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The Case for Mentorship

The Case for Mentorship

I've been thinking a lot about the role of mentorship lately. Mentorship is an opportunity to learn from another person in the most wholesome way possible. Your mentor has learned the content through experience, education, and probably a fair bit of mess-making. They are now opening themselves up to sharing that knowledge with you. We've all experienced mentorship throughout our lives, whether that be from an invested teacher, a coach, or just someone we looked up to. In some of those cases, we didn't choose our mentors - they were chosen for us. Now that we're adults, we get to choose if, when, and by whom we are mentored by. That's a big responsibility, but it's one that can make all the difference in the world.

Mentorship is part of a commitment to lifelong learning that can give us some invaluable tools, knowledge, and perspective. As I continue on my own mentorship journey (I've been lucky enough to have some wonderful mentors), I will reflect on some of the biggest advantages of an effective mentorship relationship. Note, I will not be talking about the knowledge you stand to gain in a healthy mentorship relationship but will instead focus on some of the other intangibles that are equally as important (and trust me, the knowledge you gain through mentorship is priceless).


A good mentor will motivate you - it may not even be explicitly or intentionally, but a good mentor will help you feel excited about what you're doing and learning. They will push you to think differently and will get behind the excitement of what you're doing. There will be others in your circle who may not fully understand what you're doing who have a harder time connecting with your work; they may not share the same level of excitement as an invested mentor might. Your mentor may not fully understand what you're doing either, but the difference here is a good mentor will ask questions to get to that critical point of understanding. Once you've level set, a mentorship can give you the consistent motivation to continue - that might just be the difference between success and giving up. A mentor is also someone who has had success doing the work - watch what they're doing and learn from what they do and say.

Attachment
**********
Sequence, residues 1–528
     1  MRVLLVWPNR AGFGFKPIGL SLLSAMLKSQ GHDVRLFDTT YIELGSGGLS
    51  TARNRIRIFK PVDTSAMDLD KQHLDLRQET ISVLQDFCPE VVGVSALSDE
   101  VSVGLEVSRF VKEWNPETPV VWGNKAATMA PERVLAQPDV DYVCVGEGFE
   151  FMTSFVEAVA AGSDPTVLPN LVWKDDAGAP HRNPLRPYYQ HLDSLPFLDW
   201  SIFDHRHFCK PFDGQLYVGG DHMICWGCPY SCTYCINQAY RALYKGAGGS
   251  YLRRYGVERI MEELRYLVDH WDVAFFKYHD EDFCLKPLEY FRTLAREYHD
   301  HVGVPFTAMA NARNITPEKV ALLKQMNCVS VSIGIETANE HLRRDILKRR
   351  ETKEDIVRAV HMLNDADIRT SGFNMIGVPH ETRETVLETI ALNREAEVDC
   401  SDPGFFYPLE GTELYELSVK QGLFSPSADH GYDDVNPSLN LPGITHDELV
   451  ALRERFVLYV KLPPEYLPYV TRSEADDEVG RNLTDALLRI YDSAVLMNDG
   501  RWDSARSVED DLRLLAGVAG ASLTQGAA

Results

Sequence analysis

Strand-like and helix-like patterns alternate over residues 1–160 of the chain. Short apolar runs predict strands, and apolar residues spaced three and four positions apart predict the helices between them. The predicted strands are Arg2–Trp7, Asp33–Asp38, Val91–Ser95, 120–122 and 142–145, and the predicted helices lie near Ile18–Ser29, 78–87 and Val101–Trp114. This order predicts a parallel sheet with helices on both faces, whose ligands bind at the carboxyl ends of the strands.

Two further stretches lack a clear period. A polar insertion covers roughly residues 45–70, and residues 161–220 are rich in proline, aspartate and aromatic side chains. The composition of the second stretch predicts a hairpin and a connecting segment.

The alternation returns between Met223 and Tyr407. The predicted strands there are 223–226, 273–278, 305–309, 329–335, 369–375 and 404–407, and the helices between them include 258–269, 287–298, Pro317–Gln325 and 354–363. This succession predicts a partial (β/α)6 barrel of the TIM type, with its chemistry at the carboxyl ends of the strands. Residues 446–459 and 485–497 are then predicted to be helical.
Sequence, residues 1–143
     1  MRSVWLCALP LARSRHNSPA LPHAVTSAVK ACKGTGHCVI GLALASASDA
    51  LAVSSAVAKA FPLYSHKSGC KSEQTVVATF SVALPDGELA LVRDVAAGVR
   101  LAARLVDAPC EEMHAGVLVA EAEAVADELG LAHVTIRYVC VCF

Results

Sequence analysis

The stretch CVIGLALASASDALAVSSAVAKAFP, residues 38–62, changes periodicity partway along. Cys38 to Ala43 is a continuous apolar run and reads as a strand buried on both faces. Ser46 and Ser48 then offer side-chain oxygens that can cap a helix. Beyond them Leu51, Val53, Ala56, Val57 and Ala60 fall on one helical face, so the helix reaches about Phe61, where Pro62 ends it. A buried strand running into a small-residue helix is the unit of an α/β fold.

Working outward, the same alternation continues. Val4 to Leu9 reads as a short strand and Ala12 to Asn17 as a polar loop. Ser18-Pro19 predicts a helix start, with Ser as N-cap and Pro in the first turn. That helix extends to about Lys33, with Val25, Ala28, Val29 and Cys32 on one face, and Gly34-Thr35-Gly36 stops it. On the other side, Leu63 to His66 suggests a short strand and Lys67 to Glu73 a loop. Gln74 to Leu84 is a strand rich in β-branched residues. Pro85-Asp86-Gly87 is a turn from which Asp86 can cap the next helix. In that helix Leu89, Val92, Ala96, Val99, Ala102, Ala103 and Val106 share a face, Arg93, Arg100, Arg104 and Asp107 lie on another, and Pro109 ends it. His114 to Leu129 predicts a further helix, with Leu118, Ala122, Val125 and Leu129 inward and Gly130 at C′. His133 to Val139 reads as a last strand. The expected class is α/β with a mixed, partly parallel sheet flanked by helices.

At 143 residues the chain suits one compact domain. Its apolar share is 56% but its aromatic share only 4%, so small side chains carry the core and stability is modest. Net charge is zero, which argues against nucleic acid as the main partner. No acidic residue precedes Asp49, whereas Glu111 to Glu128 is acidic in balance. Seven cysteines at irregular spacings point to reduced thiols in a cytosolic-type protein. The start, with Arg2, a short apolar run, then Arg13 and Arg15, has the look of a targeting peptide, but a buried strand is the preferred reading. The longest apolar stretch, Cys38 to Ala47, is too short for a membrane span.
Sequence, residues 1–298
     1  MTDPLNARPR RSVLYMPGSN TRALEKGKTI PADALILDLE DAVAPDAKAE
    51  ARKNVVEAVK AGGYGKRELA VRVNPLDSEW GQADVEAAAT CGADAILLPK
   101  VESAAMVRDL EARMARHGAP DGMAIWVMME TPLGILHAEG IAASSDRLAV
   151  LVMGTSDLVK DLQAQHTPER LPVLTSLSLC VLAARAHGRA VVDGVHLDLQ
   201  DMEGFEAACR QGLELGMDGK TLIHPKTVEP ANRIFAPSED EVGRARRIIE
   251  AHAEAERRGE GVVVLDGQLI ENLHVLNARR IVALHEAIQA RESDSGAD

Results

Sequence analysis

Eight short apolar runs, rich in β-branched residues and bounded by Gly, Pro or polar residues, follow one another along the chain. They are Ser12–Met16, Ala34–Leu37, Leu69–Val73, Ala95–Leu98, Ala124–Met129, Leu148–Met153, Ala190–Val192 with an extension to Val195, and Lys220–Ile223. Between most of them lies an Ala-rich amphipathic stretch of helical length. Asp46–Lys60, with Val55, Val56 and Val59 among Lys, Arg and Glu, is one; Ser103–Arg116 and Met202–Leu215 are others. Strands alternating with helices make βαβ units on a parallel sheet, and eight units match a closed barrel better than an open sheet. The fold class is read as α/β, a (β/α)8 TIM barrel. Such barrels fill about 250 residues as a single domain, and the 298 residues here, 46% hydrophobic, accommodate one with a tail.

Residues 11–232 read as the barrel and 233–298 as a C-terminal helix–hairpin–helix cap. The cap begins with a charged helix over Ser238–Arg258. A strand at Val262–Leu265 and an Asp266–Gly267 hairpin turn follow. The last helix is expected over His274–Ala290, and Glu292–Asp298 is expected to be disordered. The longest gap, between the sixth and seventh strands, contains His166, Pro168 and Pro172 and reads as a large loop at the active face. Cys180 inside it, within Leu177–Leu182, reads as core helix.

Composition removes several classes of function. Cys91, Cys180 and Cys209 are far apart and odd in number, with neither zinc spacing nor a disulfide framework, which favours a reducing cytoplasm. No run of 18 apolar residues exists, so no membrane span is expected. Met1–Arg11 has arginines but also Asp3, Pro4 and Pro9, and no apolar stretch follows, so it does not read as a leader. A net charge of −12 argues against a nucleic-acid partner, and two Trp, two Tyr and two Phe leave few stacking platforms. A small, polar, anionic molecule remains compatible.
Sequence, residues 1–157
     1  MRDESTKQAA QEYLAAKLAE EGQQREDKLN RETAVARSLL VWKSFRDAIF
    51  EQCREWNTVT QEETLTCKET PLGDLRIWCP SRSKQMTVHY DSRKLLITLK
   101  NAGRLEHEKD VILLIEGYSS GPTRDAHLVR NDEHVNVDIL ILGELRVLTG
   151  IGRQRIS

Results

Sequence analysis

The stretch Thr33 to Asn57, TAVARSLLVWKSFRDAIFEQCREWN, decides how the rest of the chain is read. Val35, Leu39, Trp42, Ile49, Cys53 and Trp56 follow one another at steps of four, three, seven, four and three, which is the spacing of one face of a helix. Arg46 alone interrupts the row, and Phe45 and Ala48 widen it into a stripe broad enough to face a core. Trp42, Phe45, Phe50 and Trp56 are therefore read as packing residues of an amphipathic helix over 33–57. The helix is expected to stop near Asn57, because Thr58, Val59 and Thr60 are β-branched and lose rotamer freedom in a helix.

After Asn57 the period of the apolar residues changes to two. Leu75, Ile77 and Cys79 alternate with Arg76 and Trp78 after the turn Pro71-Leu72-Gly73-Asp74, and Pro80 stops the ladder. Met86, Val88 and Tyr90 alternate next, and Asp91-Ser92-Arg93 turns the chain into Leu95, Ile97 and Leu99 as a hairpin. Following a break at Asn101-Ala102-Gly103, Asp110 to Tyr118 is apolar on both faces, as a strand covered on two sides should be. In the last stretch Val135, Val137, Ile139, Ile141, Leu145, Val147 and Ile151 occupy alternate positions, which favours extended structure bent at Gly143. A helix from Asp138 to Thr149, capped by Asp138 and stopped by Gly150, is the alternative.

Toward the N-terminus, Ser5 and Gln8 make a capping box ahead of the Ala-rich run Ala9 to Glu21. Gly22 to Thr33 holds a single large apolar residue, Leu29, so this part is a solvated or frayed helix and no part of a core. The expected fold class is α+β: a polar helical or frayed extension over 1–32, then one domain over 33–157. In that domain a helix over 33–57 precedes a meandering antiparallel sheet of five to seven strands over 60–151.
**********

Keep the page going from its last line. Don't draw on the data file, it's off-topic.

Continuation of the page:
Confidence shares a lot with motivation; by motivating you to push through obstacles rather than turn back at them, you will gain confidence needed to withstand the oft-difficult path of finding or creating what you're looking for. Your mentor may not be as invested as you are, but that's okay - what matters here is investment. They are invested in you and your learning and are mentoring you because they see potential in you as a person and/or the work you're doing. A mentor isn't going to waste your time or theirs. If they are invested in you, take confidence and keep learning.


Whenever you're learning a new skill, joining a new group, or starting a new project, you will most likely run into gatekeepers. Depending on what your focus is, it can be hard to break through. A mentor can help you navigate the rocky (and humble) beginnings and get off on the right track by introducing you to the right people. A mentor can serve as a side gatekeeper who can help you bypass the main gatekeeper, who can be a bit abrasive at times. Once you're in, a mentor can assist with building your community and network. An introduction and a good word from your mentor is tenfold more valuable than a cold call or LinkedIn DM to a stranger in your field you're hoping to connect with.


A mentor may not have all the answers - that is an unrealistic expectation to have from your mentorship relationship. However, a mentor can and should provide a different perspective. That alone can be the difference between feeling stuck and gaining momentum. Perspective can take many forms, and you ultimately get to choose which perspectives matter to you and your work, but diversifying the way you view and interact with the world can only make your brand stronger. A mentor will at times challenge you and your thinking. You have a choice to accept the challenge and change the way you think, or you can stand firmly in your beliefs. Either way, the introduction of a different perspective adds value, either by forming new ideas, or emboldening your current beliefs. Sometimes, having someone to show you how they view the box within which you live and work is all you need to break out of it or strengthen it.

Go Together

I get it, we all want to do things our own way; we want to carve out our own paths and go it alone because nobody knows our work better than we do. That may be true, but there's value in going together - you're putting in the hard work, but a mentor is there to push you along the way. Learn from what they're doing and strive to squeeze as much as possible from that mentorship relationship. The best investment you can make is finding someone who will help you invest in yourself. Once you've created that spark, do whatever you can to keep that flame alive - find someone who might just be there to help protect it as well.


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